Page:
While growing up, travelling was an integral part of what we as a family did. When one adds up all of the hours me, my siblings, and parents spent in planes and airports, travelling to and from our international schools, offices, and family vacations, one can’t help but see the entire travelling process as a home away from home. Now, there’s a certain relaxation that I get from airports and planes, a sense of ease tied to having done the exact same thing countless times before.
However, with travel, as with many other things in life, things can’t be expected to always be smooth sailing. An inevitable part of this constant travelling was the development of several rules that helped our family deal with the countless surprises and stresses that we could be expected to deal with at any time: jetlag, potential flight delays, culture shock, and losing our bags to name a few. A lot of these were practical and sound, built up by my dad from his own personal experience and reinforced through our own insights when travelling as a family.
Pack light, avoiding luggage if you can. Make sure that you have three full sets of clothing in your carry on in case your luggage doesn’t arrive. Stay awake on the flight if you’re arriving at night. Bring refillable water bottles. Avoid drinking tea and coffee served on planes. Each of these rules have specific incidents and memories tied to them that allowed them to be instated into our family’s travelling canon. However, the one rule that has always existed, present even during my earliest memories of travel, is to remember to take the time to eat some food whenever something unexpected or distressing has come up.
Food holds a special space in my family’s heart. One might say it was the true motivation behind the constant travelling that we all did. Amazing explosions of taste and aroma characterize our best memories of the different places we’ve visited. Revisiting these meals automatically cause us to return to these points in our lives, reexperiencing the emotions and feelings that cemented our experience. I’ve included just one of the innumerable dishes that hold a storied place in my head and heart: mee pok dry.
Mee Pok Dry
Waking up a child that doesn’t want to be woken up is hard, even in the best of circumstances. Doing so after they’ve had a fitful sleep in their seat on a turbulent flight, one which landed at three in the morning in Singapore, is impossible. So when six-year-old me was faced with the prospect of having to pull my little roller bag out from the plane and into the brightly lit airport, you can only begin to understand the little waves of fury and resentment rolling off my tiny body. This anger caused me to refuse the help that my mother and father both offered, simply because I could not deal with the injustice of having been woken up. The annoyance that I felt only worsened when I realised the folly of my pride as we trudged down the halls of the all-too-bright airport. My bag suddenly felt far too heavy to drag across the carpeted floor and my feet felt like I was dragging them through thick mud. However, I could not turn back on my original refusal and ask my parents for help, because what kind of six-year-old would I be otherwise?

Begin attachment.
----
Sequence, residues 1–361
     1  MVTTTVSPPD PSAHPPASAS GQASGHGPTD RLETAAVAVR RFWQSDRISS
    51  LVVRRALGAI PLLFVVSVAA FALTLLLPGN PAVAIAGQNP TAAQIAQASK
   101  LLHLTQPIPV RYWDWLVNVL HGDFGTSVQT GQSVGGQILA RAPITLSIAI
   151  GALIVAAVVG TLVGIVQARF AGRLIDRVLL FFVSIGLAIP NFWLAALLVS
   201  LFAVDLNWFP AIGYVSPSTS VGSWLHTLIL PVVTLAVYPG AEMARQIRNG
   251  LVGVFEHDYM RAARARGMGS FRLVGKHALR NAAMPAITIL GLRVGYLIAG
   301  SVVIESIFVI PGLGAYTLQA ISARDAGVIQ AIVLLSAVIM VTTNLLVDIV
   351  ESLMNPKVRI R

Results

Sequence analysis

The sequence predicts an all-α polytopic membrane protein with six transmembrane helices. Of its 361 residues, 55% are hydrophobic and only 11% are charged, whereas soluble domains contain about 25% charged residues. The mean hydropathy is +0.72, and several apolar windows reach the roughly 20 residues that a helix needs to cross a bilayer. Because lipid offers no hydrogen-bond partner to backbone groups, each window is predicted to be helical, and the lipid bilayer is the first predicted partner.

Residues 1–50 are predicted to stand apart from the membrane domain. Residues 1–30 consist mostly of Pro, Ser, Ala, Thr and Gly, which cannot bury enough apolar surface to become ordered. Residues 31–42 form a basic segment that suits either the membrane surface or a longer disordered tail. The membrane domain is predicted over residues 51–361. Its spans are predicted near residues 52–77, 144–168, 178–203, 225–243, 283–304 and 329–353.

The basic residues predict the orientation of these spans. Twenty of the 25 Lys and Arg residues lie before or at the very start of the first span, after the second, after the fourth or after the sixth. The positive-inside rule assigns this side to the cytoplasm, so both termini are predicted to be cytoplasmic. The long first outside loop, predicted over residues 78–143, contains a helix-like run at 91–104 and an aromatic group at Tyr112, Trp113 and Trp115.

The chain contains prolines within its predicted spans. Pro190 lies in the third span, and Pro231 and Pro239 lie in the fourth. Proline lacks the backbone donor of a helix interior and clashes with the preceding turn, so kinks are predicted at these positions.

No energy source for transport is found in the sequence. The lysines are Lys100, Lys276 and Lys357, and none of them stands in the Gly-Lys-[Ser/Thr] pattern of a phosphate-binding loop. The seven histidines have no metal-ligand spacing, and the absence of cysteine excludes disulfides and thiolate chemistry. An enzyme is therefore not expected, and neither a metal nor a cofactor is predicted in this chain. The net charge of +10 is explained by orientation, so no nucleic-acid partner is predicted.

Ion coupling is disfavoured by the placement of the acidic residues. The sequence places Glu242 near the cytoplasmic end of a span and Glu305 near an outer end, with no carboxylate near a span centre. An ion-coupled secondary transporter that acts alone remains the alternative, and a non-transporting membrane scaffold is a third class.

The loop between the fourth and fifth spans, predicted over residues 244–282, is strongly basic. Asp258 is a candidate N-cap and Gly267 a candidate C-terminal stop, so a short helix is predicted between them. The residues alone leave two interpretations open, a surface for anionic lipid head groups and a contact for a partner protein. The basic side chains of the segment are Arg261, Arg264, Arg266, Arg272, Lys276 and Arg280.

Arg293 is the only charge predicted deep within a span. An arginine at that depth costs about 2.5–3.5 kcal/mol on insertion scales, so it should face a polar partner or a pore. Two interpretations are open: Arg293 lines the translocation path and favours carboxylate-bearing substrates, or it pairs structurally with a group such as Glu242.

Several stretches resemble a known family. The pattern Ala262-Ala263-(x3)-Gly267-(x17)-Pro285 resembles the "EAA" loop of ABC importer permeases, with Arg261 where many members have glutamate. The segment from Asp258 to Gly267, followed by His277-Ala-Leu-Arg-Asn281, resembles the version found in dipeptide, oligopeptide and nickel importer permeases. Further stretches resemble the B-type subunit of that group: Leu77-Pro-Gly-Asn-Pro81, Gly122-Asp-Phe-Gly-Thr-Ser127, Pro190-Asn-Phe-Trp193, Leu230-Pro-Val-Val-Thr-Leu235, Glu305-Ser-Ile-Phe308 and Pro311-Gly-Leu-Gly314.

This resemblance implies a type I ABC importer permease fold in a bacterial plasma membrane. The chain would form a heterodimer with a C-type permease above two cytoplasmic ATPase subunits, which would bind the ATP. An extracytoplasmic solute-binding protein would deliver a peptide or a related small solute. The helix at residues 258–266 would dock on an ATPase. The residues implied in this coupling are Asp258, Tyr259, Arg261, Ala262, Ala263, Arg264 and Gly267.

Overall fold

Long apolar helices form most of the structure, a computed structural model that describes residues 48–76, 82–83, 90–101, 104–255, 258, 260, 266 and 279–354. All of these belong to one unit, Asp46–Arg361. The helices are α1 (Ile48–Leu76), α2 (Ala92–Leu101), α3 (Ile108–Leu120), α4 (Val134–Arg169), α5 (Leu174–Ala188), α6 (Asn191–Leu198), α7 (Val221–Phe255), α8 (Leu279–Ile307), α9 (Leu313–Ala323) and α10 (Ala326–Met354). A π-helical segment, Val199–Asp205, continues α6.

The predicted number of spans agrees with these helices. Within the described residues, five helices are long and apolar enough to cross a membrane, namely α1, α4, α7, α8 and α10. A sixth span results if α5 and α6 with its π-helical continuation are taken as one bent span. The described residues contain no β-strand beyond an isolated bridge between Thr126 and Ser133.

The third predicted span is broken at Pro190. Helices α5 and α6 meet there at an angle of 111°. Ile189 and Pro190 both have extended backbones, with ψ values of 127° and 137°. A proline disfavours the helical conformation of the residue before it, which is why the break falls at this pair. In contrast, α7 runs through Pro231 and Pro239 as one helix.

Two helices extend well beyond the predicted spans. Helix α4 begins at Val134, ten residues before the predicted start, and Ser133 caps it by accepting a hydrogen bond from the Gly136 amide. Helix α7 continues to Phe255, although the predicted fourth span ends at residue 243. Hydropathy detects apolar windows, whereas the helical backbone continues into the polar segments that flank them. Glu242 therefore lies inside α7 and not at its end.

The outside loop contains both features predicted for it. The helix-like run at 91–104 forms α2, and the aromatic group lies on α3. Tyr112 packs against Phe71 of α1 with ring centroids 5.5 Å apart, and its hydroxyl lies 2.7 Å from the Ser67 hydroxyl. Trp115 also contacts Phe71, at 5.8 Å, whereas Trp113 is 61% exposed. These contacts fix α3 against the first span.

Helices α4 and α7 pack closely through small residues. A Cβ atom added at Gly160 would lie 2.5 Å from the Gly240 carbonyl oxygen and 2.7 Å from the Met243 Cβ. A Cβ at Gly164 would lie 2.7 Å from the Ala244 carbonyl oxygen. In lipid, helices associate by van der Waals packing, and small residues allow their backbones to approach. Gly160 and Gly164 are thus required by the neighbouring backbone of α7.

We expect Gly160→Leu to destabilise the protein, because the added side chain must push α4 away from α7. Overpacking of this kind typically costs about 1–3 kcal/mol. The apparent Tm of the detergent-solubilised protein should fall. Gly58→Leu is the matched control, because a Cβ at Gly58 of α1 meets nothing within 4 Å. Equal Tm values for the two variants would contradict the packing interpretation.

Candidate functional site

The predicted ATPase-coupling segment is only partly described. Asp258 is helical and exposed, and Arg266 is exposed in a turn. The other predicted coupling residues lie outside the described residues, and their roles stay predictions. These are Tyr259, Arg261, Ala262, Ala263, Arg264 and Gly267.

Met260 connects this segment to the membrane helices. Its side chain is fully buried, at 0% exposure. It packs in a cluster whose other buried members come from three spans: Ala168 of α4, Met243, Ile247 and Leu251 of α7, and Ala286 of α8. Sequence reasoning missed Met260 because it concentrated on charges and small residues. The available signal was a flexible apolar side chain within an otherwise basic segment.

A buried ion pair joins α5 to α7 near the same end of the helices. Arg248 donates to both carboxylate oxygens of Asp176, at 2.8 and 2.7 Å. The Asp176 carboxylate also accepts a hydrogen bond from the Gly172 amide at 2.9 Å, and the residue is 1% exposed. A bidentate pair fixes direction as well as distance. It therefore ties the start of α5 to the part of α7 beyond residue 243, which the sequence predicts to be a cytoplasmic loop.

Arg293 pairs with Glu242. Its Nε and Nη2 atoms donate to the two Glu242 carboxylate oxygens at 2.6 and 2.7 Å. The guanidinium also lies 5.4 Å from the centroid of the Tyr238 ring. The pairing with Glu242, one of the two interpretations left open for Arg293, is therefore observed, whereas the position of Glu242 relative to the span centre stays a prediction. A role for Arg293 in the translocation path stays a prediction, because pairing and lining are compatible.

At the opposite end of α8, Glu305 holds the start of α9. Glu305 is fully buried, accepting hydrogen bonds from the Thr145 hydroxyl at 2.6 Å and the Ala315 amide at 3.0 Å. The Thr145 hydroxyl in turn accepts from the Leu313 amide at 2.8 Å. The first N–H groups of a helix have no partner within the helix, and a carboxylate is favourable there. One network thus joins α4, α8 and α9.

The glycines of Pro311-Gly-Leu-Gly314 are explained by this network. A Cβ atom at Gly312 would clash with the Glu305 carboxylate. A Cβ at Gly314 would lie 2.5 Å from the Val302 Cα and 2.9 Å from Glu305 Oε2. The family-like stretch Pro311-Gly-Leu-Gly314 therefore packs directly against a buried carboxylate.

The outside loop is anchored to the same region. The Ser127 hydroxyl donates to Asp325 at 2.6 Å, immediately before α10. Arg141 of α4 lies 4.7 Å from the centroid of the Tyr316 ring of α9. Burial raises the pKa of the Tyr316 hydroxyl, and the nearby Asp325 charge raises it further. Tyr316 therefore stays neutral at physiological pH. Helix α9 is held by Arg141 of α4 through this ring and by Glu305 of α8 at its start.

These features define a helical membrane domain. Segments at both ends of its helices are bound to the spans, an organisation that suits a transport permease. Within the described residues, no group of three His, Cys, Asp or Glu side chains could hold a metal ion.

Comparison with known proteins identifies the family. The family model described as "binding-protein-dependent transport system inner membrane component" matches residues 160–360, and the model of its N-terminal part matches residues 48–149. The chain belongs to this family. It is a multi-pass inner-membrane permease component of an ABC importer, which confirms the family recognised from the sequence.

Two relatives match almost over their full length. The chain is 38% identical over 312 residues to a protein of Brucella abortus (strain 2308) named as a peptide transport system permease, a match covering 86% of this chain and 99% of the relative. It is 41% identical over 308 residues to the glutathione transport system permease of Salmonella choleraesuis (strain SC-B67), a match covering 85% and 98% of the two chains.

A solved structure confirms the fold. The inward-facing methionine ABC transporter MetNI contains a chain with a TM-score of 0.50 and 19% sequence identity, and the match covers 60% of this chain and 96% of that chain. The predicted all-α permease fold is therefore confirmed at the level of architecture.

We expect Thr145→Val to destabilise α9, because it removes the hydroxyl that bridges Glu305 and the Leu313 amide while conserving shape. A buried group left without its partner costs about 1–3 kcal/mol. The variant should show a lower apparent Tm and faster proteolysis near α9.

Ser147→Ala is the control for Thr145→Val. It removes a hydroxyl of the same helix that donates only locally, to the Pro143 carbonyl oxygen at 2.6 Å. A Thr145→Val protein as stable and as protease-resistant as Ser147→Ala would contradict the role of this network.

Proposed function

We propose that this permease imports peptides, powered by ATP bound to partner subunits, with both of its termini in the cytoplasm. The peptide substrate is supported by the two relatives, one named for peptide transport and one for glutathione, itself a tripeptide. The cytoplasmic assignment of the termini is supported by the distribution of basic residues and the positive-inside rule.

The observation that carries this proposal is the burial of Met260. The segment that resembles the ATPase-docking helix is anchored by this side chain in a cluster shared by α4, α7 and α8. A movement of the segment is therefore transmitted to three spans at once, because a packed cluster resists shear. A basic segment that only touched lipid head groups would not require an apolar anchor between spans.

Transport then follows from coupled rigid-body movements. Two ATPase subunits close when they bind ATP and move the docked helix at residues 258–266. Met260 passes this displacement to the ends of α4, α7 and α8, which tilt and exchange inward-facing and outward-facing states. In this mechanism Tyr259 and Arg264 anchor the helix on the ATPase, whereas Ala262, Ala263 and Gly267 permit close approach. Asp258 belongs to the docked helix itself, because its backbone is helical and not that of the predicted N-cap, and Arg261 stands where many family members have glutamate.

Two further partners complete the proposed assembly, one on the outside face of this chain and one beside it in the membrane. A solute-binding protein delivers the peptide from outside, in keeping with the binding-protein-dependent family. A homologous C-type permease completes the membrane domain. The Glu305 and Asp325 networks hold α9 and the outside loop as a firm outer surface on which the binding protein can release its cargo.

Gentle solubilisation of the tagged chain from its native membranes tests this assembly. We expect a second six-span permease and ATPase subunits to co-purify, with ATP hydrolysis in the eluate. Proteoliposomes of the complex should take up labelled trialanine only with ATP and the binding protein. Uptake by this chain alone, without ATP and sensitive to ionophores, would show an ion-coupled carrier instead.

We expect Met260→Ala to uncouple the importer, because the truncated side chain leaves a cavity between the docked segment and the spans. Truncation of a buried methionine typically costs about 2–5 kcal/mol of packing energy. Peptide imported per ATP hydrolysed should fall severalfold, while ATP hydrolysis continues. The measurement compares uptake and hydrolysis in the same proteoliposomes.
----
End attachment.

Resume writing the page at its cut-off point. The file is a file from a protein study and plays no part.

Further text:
In my self-contained seething and rage, I had failed to notice that we hadn’t made our way to either the train station or the taxi stand. Instead, we had slipped behind one of the service doors at the airport, led by a member of the skeleton-shift service crew. As we made our way through this maze of doors and tiny service hallways, my anger began to wane as curiosity started to get the better of me. By the time the first little grumble from my stomach made itself heard, our guide pulled open a set of double doors and I was hit with this mouth-watering aroma of seafood, fish sauce, vinegar, pork, and chili. In the face of this stressful time, the wisdom behind the rule to get a little food to reorient myself had never seemed smarter. I eagerly sat down at one of the tables in this surprisingly busy employee food court, deep within the bowels of the Singapore airport. My father and his guide walked up to the counter where a stern old man was blanching several batches of mee pok (flat egg noodles) in noodle strainers. As they cooked, he quickly bustled over four bowls, throwing in a small amount of cooked pork mince, a splash of black vinegar and fish sauce, a large lump of sambal (chili sauce), and some oil. The mee pok came flying out of the strainers, tossed into the air once before being dumped on top of this sauce concoction. Then as if that were not enough, several pieces of blanched fish cakes and fish balls were placed on top of the steaming hot noodles, topping it all off. As my father brought the tray with four bowls of noodles and four extra bowls of hot dried fish broth meant for sipping on the side, my anger had completely given way to awe at this entirely new experience. That first bite of mee pok dry is something I will never forget, as the interplay of salty, sweet, umami, and sour flavours came rushing in on a bed of perfectly bouncy egg noodles. My desire to sleep quickly fell to the wayside as me and my family dug into our noodles, solidifying the importance of making a little bit of time to get some food whenever a problem comes up.